Influenced by his childhood, he aims to help those individuals into treatment and recovery, in order to show them that they matter and that he cares. When a family is involved, he works to keep them together.

Recently at work, Vince had a case in which a couple both had substance use disorders, and their children were being removed from their household. On the scene, Vince convinced the mother and father to go into treatment. He said the couple was very concerned about the fate of their children, so he stayed to ensure they were put into kinship foster care with their aunt and would be well taken care of.

“My goal is just to see this family be a family,” he said. “When I see a family like that, my goal is to preserve that family. My experiences as …  being the child of a drug addict definitely motivates me.”

"I still have hope that my family will get it together. Maybe kids and grandkids will make them see the light."

— Vince, Adult child of parents with substance use disorder

While Vince was finding his path, his father and stepmother continued with the peaks and valleys of addiction and recovery. One night in 2017, Vince received a knock on the door from two of his fellow police officers, who informed him that his stepmother had overdosed at his father’s house.

“At that point, I hadn’t talked to her in a couple years, just because  … they had grown so toxic,” he said. “You wanna help these people and you care about them, but you let them into your life, and you see that, this addiction just has such a hold on them, and it governs everything that they do.”

While Vince may not be close to his parents because of this, he says that he still cares for them and their well-being, which is why, despite the lack of communication, he went to his father’s house that night to assist with the call.

“I knew my father wasn’t gonna be able to get it together,” he said. “I wound up going out there … to help the Sergeant get everything wrapped up. I  actually place[d] her into the body bag and remove[d] her from the house.”

A few days after his stepmother’s death, Vince and his girlfriend, Amanda, received a call saying that Vince’s father was in the hospital, and had agreed to go to treatment.

“I was like, ‘If he’s serious, Vince will be there to help for all the milestones and everything,” Amanda said. “But [Vince] doesn’t want to be there right now, because [his father’s]  not in a good place still.’”

After a short time in detox, Vince’s dad decided not to continue with treatment, and instead opted to attend Narcotics Anonymous meetings.

“It’s been back and forth,” Vince said. “He’ll do good for a little while, then, bam relapse.”

Updates on Vince’s father come through other people, and they aren’t always positive.

“One of the challenges is that he’s going to meetings and treatments and stuff around here,” Vince said. “So I gotta deal with people on the street and guys I’m locking up that see my last name on my uniform and they’re like, ‘Oh, yeah, I know your old man.’”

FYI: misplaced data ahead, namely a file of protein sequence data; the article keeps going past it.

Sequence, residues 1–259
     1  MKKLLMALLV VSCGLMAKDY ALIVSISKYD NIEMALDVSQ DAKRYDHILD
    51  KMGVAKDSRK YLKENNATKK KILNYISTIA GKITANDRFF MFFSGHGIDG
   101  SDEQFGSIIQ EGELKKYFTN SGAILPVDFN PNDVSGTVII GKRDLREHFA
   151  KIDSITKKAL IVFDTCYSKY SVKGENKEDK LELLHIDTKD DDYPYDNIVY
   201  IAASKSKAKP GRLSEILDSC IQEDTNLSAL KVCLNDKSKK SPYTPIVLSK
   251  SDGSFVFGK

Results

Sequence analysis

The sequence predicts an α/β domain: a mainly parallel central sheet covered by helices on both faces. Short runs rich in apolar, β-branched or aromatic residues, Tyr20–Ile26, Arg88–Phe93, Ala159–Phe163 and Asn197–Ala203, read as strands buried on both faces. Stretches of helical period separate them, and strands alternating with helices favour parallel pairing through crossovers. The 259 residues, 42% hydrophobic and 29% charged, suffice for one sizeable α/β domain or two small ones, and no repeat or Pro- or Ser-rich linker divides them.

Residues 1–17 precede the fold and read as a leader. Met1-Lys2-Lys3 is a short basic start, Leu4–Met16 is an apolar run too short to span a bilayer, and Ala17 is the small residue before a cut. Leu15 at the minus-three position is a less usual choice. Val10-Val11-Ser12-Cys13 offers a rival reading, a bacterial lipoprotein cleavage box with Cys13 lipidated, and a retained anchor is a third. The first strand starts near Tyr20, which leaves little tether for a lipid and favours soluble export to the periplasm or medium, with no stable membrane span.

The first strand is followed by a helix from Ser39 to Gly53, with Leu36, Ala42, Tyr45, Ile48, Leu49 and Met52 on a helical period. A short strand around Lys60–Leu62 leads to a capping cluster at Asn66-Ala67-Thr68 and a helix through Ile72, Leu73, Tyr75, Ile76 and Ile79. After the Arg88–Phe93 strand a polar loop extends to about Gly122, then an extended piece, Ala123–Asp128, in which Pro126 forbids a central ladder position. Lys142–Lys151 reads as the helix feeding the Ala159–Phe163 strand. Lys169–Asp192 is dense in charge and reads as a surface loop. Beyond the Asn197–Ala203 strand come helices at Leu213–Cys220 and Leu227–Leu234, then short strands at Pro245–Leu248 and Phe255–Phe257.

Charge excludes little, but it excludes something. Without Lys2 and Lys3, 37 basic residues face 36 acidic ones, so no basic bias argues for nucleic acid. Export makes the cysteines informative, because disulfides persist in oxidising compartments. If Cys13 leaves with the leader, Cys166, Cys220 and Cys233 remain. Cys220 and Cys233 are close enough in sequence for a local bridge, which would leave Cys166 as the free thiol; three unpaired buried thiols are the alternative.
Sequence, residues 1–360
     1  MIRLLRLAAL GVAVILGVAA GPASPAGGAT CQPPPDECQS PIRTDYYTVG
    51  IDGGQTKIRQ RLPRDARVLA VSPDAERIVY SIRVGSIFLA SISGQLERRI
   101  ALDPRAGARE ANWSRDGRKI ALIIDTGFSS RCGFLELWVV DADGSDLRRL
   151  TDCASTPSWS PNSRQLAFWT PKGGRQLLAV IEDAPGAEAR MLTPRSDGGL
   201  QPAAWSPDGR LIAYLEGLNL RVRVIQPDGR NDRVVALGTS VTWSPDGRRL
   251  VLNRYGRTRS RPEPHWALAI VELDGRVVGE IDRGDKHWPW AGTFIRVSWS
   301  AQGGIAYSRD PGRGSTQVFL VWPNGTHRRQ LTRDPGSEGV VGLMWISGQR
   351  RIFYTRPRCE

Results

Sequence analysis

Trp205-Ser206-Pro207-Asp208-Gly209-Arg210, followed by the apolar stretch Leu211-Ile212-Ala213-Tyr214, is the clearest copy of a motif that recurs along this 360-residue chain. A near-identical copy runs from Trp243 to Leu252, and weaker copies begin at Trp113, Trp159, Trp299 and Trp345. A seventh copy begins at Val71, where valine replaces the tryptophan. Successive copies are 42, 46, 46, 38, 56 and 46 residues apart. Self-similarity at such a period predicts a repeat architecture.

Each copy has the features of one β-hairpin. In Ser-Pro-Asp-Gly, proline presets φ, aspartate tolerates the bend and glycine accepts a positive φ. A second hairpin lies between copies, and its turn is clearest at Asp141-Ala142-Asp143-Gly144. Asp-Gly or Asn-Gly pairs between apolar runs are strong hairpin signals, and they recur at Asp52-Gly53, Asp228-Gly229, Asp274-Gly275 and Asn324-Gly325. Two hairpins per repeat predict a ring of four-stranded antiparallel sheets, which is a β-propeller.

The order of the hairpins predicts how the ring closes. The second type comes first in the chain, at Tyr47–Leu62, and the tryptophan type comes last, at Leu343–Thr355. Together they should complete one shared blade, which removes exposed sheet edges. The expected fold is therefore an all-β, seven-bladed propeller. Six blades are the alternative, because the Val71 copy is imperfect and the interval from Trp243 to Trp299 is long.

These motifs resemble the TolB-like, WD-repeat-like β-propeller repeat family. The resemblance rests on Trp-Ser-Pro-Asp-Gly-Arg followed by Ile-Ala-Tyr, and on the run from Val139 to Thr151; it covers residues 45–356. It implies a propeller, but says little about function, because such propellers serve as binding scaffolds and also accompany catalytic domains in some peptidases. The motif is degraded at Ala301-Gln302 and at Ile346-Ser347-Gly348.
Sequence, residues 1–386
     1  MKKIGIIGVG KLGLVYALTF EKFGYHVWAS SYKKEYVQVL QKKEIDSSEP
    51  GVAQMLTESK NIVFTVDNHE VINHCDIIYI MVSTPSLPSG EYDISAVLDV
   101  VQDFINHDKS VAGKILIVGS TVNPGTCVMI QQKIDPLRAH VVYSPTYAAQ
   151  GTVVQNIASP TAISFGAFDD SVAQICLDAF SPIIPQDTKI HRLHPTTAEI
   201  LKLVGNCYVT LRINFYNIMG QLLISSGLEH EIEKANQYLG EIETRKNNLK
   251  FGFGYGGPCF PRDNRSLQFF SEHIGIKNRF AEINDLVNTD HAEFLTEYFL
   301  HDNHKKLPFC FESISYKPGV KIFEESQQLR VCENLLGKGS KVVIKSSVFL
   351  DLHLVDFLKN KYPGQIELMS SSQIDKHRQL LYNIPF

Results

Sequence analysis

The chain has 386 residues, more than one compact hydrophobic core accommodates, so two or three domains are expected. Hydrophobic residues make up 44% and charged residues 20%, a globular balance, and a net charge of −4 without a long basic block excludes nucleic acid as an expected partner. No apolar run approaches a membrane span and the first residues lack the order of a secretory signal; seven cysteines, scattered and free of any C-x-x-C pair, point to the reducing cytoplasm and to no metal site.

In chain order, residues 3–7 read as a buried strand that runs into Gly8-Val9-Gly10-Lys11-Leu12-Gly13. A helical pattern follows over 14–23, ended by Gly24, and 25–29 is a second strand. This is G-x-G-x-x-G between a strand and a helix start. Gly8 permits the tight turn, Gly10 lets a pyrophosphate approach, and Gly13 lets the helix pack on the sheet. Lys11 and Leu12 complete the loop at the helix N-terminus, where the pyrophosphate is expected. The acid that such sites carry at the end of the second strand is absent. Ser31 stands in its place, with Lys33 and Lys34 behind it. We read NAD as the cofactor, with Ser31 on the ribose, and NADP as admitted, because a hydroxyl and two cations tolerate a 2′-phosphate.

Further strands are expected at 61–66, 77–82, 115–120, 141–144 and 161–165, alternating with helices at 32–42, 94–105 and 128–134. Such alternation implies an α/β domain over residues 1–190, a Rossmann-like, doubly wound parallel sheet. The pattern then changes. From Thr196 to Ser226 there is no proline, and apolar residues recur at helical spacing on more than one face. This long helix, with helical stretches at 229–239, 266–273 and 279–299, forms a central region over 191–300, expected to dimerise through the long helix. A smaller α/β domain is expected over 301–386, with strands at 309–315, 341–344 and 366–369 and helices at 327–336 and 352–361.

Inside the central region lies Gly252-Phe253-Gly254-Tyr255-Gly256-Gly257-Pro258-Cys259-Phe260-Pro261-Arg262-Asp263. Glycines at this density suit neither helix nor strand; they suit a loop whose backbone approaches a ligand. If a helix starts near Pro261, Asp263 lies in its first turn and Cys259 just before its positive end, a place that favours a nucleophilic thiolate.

As for future relationships with Vince’s dad, neither Vince nor Amanda can see one until Vince’s dad is more stable in his recovery and shows that he wants to build their relationships.

“His dad will never really tell him ‘I’m sorry,’” said Amanda. “So that’s where I think his dad needs to come to a point where he needs to really think about his recovery and say, ‘I’m sorry, and I want to repair it.’ And that’s all he wants to hear.”

As for Vince’s mom, the separation of his childhood has not changed much.

“I am in contact with her,” Vince said. “We’re friends on Facebook, I have her phone number, and we’ve just never been really close.”

Though Amanda has never met Vince’s mom, she said that unlike his father, his mother has owned up to her mistakes.

“I remember we were on the train to New York City, and his mom had texted him and pretty much said like, ‘I’m sorry for what I’ve done to you. And I think if I would have been around more you wouldn’t have grown into the man you are,’” Amanda said. “So, I do give her credit, because she does acknowledge that she wasn’t there.”

Vince’s experiences and support systems have helped to motivate the work that he does as a police officer. One of his main ambitions is to prevent children from experiencing childhoods like his own.

“I was fortunate enough to have other people that cared, and that’s really what it comes down to,” Vince said. “When I’m dealing with a family where one or both parents have addiction issues, one of my goals is to show the kids that, you know, even if I can’t be here all the time, I’m in the community, and I do care, and this doesn’t have to be your life. It’s a big world out there, and [you] don’t have to choose this.”

Even though Vince said he never got the support from his parents that he needed, he acknowledges that he had a lot of help elsewhere in his family to get him to where he is today.

“I’m lucky I’ve had people in my life that were very good to me,” he said. “My grandmother … my uncle , you know, that were a positive influence. And I give them a lot of credit as to why I didn’t follow my parents.”

In his own life, Vince holds out for a better future for his family. He finds hope in the story of his grandfather, who once had an alcohol use disorder, but was able to overcome it when Vince and his other grandchildren came into his life.

“I got a good life. It’s not without its troubles, but, you know, I’ve got a good life and good people in it,” Vince said. “I still have hope that my family will get it together. Maybe kids and grandkids will make them see the light.”

*Names marked with an asterisk are those of people who requested we use their first name only due to the sensitivity of the subject matter.